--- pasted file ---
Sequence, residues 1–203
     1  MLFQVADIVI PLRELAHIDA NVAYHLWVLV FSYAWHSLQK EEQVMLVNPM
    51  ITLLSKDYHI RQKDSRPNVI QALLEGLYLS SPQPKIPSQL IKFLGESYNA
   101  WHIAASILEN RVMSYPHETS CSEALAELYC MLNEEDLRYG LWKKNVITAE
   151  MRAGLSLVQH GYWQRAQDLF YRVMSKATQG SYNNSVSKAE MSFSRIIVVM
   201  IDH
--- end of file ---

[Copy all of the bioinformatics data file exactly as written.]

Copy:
Sequence, residues 1–203
     1  MLFQVADIVI PLRELAHIDA NVAYHLWVLV FSYAWHSLQK EEQVMLVNPM
    51  ITLLSKDYHI RQKDSRPNVI QALLEGLYLS SPQPKIPSQL IKFLGESYNA
   101  WHIAASILEN RVMSYPHETS CSEALAELYC MLNEEDLRYG LWKKNVITAE
   151  MRAGLSLVQH GYWQRAQDLF YRVMSKATQG SYNNSVSKAE MSFSRIIVVM
   201  IDH